The ET report says Siddhartha “single-headedly oversaw cash management and deployment of funds, thereby blurring the lines between his personal companies and the public ones.” Does the investigation confirm this absolutely simple modus operandi where the private firm returned funds to CDEL before the audit was due and transferred them back immediately thereafter?
So the big fat reserves shown by the listed entity were practically non-existent, the board and senior management knew nothing and the auditors failed to raise red flags.
How is this even possible 11 years after Ramalinga Raju’s confession and similar claims sent shockwaves across the world? Mr Raju also claimed that he had committed a massive, long running fraud, single-handedly by retaining a complete grip over finance, while appointing professional managers to run operations.
Mr Raju apparently “created so many silos within Satyam that only a few people at the top really knew what was going on,” said Ram Mynampati, Satyam’s former chief operating officer (COO) in an interview.
Even in Satyam, like in IL&FS, it was not possible for anyone to cook the books for years without active collusion by auditors. The same is true of CDEL. The circular deals should have been detected easily enough by both, statutory and the internal, auditor, if they were not complicit.
Auditors Speak Up
Things remain shaky at CDEL. Earlier this month, it reported a consolidated net profit of Rs1,672.41 crore for the April-June quarter as against Rs21 crore in the previous quarter, all because of the sale of Mindtree shares. Around the same time, Nitin Bagamane, the interim COO has quit and the statutory auditor, BSR & Associates, quit citing ‘commercial considerations’. BSR also flagged the reliability of information and numbers received from group companies, especially pending the board-ordered investigation report.
The official investigation report is supposed to be released soon; but the portions scooped by the media so far do not touch on one key issue.
Disguised Lending: Siddharth’s last letter said, “I fought for a long time but today I gave up as I could not take any more pressure from one of the private equity partners forcing me to buy back shares, a transaction I had partially completed six months ago by borrowing a large sum of money from a friend.”
At the time of his death, it was widely believed that the reference was to KKR India. KKR had sidestepped the issue in a statement released then, which said, “We believe in VG Siddhartha and had invested in the company about nine years ago. We sold approximately 4.25% (of our total holding of approximately 10.3% in the company) in February, 2018 on the stock exchange and have not sold any shares before or after.” Sanjay Nayar, head of KKR India, resigned from CDEL’s board last November.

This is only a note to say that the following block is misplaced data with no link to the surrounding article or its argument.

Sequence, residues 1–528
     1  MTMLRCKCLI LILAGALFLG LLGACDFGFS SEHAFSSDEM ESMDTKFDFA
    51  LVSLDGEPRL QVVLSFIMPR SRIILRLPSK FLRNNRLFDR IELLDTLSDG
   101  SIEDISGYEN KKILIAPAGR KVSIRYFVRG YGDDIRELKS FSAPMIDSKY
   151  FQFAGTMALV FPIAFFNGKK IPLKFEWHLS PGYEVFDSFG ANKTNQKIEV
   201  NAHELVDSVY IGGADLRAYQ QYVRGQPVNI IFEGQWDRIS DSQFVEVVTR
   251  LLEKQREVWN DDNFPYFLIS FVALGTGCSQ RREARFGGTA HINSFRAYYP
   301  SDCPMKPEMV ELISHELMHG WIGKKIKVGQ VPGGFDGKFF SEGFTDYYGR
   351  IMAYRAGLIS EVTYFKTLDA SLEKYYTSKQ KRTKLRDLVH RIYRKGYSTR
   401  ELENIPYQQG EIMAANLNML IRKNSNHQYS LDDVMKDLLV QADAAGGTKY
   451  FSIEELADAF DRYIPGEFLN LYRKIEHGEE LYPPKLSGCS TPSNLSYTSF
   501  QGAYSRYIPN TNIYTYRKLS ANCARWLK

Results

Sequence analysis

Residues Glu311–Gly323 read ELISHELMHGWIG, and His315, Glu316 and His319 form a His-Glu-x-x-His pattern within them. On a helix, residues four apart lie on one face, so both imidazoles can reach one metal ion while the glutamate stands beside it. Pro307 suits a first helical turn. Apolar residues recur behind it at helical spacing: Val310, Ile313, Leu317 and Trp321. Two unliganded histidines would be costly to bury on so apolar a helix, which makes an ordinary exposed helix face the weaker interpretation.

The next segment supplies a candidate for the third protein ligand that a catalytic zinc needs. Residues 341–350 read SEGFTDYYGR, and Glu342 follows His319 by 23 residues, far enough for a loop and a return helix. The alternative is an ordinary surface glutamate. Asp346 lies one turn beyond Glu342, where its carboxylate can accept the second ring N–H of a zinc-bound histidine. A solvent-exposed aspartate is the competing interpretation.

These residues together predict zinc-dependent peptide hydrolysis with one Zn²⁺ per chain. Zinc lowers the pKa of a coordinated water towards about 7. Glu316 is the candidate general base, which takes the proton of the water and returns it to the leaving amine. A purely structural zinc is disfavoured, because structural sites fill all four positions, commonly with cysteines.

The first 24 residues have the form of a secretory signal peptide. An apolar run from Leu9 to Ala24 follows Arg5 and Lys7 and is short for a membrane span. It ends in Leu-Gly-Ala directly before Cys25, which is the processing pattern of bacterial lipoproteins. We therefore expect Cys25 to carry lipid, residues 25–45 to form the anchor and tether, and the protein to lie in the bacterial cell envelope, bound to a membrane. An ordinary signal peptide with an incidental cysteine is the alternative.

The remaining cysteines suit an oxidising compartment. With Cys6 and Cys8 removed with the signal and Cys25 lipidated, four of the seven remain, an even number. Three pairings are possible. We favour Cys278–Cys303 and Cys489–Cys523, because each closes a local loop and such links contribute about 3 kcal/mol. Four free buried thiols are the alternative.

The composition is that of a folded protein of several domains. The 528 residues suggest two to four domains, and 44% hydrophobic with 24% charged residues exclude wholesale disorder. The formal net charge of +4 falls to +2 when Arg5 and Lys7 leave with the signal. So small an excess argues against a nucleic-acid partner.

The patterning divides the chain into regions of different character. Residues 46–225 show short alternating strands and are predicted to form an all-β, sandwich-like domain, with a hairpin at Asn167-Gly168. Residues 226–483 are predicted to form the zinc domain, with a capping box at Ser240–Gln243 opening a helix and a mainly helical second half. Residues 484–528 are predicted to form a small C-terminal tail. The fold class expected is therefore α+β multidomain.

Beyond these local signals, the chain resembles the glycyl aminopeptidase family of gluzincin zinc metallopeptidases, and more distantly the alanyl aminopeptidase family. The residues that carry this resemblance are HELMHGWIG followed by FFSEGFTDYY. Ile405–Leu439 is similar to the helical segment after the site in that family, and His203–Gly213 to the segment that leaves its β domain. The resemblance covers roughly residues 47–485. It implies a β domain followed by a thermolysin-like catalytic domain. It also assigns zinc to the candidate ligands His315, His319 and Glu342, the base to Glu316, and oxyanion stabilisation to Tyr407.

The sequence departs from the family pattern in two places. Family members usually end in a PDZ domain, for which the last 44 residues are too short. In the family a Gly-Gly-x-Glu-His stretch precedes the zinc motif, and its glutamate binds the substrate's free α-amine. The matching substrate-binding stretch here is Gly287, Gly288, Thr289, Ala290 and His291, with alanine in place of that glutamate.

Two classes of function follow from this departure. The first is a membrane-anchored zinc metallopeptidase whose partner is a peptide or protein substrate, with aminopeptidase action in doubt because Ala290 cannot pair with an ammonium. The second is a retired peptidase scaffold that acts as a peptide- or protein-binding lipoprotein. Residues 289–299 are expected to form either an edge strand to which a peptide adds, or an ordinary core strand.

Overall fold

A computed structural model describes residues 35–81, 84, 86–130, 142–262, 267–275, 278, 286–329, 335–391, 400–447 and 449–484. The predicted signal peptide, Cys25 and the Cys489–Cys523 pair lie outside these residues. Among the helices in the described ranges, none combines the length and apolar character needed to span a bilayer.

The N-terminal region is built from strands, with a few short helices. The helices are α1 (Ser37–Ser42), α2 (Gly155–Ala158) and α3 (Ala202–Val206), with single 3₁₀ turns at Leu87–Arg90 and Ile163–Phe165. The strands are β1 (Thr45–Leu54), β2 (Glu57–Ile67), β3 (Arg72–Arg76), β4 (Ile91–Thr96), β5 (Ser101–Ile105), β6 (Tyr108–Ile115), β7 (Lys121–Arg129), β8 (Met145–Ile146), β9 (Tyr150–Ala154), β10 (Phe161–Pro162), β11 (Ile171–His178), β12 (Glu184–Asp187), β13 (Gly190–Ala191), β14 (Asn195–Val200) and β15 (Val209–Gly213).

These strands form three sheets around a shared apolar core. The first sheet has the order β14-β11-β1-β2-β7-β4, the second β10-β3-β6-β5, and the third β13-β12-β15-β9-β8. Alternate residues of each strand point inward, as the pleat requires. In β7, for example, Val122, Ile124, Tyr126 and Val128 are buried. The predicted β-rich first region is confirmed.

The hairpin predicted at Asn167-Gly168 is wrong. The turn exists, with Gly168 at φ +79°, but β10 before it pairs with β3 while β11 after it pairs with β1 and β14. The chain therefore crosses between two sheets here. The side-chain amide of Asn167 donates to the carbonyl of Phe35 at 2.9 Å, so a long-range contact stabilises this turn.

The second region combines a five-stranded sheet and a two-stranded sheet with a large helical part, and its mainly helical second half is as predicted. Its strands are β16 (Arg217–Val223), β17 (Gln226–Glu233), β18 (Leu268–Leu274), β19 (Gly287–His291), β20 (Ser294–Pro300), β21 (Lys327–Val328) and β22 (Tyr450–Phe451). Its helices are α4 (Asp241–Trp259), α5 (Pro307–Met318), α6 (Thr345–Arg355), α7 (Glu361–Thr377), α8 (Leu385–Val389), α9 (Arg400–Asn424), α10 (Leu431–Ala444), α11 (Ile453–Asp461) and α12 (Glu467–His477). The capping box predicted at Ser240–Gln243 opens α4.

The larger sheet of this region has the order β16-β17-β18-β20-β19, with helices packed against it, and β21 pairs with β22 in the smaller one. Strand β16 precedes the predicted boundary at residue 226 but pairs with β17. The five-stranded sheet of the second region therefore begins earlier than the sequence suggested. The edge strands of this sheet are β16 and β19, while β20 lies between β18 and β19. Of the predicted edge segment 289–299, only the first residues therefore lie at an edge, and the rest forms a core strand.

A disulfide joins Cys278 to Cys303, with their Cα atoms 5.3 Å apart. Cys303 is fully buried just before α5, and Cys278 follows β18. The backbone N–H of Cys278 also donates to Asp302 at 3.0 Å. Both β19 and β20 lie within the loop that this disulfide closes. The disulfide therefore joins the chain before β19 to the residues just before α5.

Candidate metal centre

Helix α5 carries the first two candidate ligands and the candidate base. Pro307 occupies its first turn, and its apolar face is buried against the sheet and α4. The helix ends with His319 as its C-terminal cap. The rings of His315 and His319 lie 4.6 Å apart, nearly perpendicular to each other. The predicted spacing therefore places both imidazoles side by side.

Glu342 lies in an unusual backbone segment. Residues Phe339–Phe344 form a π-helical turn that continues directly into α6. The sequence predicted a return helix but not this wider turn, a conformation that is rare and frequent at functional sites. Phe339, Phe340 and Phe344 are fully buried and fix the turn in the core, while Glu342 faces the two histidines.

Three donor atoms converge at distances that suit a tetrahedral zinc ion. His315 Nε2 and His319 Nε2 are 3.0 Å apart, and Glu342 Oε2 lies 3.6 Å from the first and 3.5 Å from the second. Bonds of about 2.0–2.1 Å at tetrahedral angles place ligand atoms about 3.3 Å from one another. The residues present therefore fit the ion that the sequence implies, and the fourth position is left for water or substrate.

Will the investigation tell us if KKR India or any other investor had also lent/invested in Siddhartha’s private companies that were helping themselves to CDEL reserves? Did they know about the circular dealings? The Mint report mentioned earlier, quotes a source saying, “Siddhartha provided his early backers such as Darby Overseas Investments Ltd, the private equity arm of Franklin Templeton Investments, and Sequoia Capital with annual returns of as high as 23%, mostly through loans.."
Are ‘private equity’ investors allowed to act as lenders by structuring their loans as equity investment? If the investigation reports proves this, shouldn’t the Reserve Bank of India (RBI) have something to say about such disguised lending, especially when they know that promoters are fudging facts, siphoning money, or hiding information about their personal borrowing (against shares of listed companies) that has to be disclosed to stock exchanges?
Things had reached a point where mutual funds had also turned into lenders and helped promoters fudge their borrowing and evade disclosure to stock exchanges in the Zee-Essel group, Yes Bank and Anil Ambani’s ADAG. Their actions caused huge losses to their own investors without attracting any punishment. Unless such collusion is stamped out through strict action and penalties, just tinkering with rules of governance and disclosure will only be a burden on those who actually follow the rules.